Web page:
This post was originally made over at eltettensor.com, but it has relevance here too, so I’m cross-posting…
I’ve been thinking a lot about genre lately.
With THE BLOODBOUND in full publicity swing, and advanced reader copies of MASTER OF PLAGUES about to start making the rounds, the question of how a book is categorised — how it’s labelled and marketed — has become an important one in my world. And it got me thinking that reading is a lot like eating: what you expect to taste can greatly affect the extent to which you like what you actually taste.
Let me explain.
Have you ever gone out for dim sum, or tried dessert at an authentic Chinese restaurant? Have you bitten into a sticky bun expecting it to be sweet, only to be disgusted when you taste salt instead? I’ve long had a theory about this, that it’s less to do with the fact that you don’t actually like salt — I mean, really, who doesn’t like salt? — and more to do with the fact that you were expecting to taste something very different. Your taste buds were primed for sweet. When they got savoury instead… ew. Whereas if you’d gone in expecting salt, you might have had a very different dining experience.
I think it’s like this with books, at least to some extent.
I’ve drawn this conclusion not only from my own experience as a reader, but from reading loads of book reviews (not just of my books, but of books by authors I admire). So many reviews refer to expectations, and the extent to which the book did or didn’t meet those. Fair enough. But what shapes those expectations? Lots of factors. The cover. The blurb. For lots of people, though, it is heavily influenced by where the book is shelved, or what book blog they found it on.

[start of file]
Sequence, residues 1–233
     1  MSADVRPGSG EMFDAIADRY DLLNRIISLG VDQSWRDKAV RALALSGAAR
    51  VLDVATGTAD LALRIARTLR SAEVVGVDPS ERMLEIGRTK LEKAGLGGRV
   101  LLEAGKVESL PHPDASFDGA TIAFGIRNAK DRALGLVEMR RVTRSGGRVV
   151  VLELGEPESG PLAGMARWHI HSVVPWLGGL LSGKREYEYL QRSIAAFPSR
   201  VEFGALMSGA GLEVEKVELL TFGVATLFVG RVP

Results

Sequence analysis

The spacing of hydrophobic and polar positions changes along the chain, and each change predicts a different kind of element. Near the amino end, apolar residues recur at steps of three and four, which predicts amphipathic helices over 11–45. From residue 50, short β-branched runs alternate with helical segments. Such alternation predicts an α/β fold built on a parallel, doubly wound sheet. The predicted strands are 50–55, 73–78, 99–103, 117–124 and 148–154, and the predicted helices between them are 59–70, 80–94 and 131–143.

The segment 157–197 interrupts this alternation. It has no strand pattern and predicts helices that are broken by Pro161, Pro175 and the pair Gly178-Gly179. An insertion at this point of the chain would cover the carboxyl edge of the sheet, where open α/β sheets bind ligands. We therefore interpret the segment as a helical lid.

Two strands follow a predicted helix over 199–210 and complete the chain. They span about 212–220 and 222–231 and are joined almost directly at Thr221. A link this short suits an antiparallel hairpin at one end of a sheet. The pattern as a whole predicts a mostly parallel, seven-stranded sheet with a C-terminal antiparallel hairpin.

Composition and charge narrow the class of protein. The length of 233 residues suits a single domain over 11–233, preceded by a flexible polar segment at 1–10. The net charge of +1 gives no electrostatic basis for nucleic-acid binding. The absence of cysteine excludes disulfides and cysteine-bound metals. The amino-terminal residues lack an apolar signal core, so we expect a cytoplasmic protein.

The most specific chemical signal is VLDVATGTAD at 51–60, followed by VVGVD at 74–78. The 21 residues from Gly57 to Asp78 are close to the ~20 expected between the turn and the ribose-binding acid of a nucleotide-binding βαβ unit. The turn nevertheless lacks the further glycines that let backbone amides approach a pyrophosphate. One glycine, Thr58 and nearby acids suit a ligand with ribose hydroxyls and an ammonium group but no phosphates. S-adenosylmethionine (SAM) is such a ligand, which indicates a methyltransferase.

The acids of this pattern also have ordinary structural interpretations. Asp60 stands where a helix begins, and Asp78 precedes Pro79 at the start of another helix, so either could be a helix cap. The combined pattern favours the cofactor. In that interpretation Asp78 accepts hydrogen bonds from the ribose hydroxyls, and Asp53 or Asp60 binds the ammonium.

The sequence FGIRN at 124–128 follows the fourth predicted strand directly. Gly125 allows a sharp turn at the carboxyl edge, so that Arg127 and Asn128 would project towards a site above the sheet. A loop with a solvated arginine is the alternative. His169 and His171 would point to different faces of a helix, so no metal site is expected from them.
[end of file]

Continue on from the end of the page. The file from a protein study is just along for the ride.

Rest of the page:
When DARKWALKER came out, it was reviewed on a lot of urban fantasy sites. As a result, it was read by a lot of urban fantasy fans, some of whom were disappointed that it didn’t meet their expectations of the genre. Again, fair enough. But the thing is, I didn’t write an urban fantasy book. I didn’t write a Victorian book (for the record, it’s much more 1800 than 1900, but let’s not nitpick). Maybe I wrote a paranormal mystery book — I’m still not sure. But I’m convinced that these ‘cues’ influenced how people consumed the book. For example, people who picked up the book because they saw a Sherlock Holmes-like figure on the cover will have been primed to expect an arrogant detective, and were probably more tolerant of Lenoir’s moodier moments. On the other hand, people who are used to reading about badass vampire killers with katana blades running around the sewers of New York were probably not very entertained by the comparatively slower pace of the novel’s plot.
I think it’s easier if you write novels that fit cleanly into a category. DARKWALKER doesn’t do that. Neither does THE BLOODBOUND. YA readers are looking for more angst. Epic fantasy readers are looking for more worldbuilding and less angst. Romance readers are looking for more bedroom time. There is no way to please all these markets. There is no point in trying. So the question is: which one to target?
And that’s where I am with MASTER OF PLAGUES at the moment. Do we go the urban fantasy route again? Mystery? Something else? You can go all of the above, but at the end of the day, the book is shelved somewhere, and as the author, you have little to no control over where. That’s frustrating, since where it sits = expectations, and unfulfilled expectations often lead to disappointment. Of course, many readers love crossover fiction — the warm reception of both DARKWALKER and THE BLOODBOUND attests to that. Even so, as an author, you don’t want people to feel they’ve accidentally picked up the wrong book.
So in case anyone asks, MASTER OF PLAGUES is an early 19th century mystery with light paranormal elements following the rough format of a zombie apocalypse.
There’s a shelf for that, right?